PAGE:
Wednesday, October 22, 2008

Planar Magnetron

A magnetron is a device useful for generating lots of microwave radiation, most homes have magnetron's which use roughly 1kW of microwave power for heating food. A magnetron acts like a diode, when the magnetic field between the inner cathode and the outer anode reaches a certain level, electrons starting at the cathode will not be able to reach the anode. This level of magnetic field is known as the Hull cut-off magnetic field of the magnetron.

Suppose we have a simple planar magnetron with constant E and B fields. The path taken by an electron starting from rest at the cathode is governed by the relation of the time rate of change of the particle to the forces on the particle caused by the E and B fields.

Assuming constant particle mass and neglecting relativistic effects gives an equation for particle acceleration:

This second order differential equation can be recast as a system of first order equations:

Where X is the vector of position and velocity components given by

And Y is the vector of velocity and acceleration components given by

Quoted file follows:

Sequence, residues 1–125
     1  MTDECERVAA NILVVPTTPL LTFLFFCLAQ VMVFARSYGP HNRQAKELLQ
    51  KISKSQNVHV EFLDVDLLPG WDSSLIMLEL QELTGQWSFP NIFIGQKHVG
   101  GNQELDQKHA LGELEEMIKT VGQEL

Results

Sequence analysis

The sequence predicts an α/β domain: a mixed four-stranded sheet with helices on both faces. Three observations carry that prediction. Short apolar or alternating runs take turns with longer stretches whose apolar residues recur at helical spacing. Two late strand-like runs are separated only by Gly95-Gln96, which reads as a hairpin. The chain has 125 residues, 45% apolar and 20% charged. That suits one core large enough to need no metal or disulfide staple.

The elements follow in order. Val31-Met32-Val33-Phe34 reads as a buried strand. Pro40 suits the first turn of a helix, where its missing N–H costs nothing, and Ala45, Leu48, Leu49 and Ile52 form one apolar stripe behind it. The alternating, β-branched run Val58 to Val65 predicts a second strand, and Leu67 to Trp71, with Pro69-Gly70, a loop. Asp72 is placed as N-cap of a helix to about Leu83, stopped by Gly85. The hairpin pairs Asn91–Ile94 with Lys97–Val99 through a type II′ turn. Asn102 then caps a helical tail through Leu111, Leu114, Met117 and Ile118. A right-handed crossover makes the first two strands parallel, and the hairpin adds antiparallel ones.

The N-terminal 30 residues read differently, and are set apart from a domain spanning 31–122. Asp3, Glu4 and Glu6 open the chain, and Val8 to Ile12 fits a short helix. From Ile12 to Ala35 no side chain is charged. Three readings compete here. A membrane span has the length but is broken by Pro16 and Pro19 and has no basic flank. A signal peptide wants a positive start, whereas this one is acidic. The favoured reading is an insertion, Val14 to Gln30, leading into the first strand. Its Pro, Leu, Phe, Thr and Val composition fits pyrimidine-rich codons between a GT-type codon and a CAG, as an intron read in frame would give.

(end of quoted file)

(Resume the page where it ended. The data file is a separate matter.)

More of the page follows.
The initial conditions are X = 0 and

This system can be integrated numerically with the explicit forward Euler method:

The bisection method is used to find the value of B that causes a maximum of 1 cm
displacement in the y-direction. This 1 cm-high path taken by the electron with Bz = 33.7884
Gauss and Ey = −1/3 stat-volt/cm is shown in the figure below.
Explicit Integration:

Alternatively, an implicit backward Euler method can be used:

The left hand side can be consolidated into a single operator, L, acting on the unkown vector at the future time-step and the additive term due to the electric field:

This operator must be inverted, this can be done once and then each successive time-step
can be calculated with a matrix-vector multiply.

First Order Implicit Integration:

Using a second order accurate approximation for the first derivative (see finite difference for their relationship with derivatives) provides a more accurate solution, and makes the solution for the larger time-step sizes more reasonable:

Collecting all of the n + 1 terms as we did before, gives

Our implicit integration operator then just has a few slight modifications, and the right hand side now includes n and n − 1 terms.

Second Order Implicit Integration:

The second order method achieves something closer the "correct" shape much more quickly than the first-order scheme.

This analysis ignores any losses due to radiation from the accelerated particle (which of course is why magnetrons are useful in the first place).

A pdf and various Octave/Python/Maxima scripts for this problem are on:


  1. Leave a comment if you'd like copies of the Octave and Python scripts used to calculate the numerical solution; I can email you a tarball.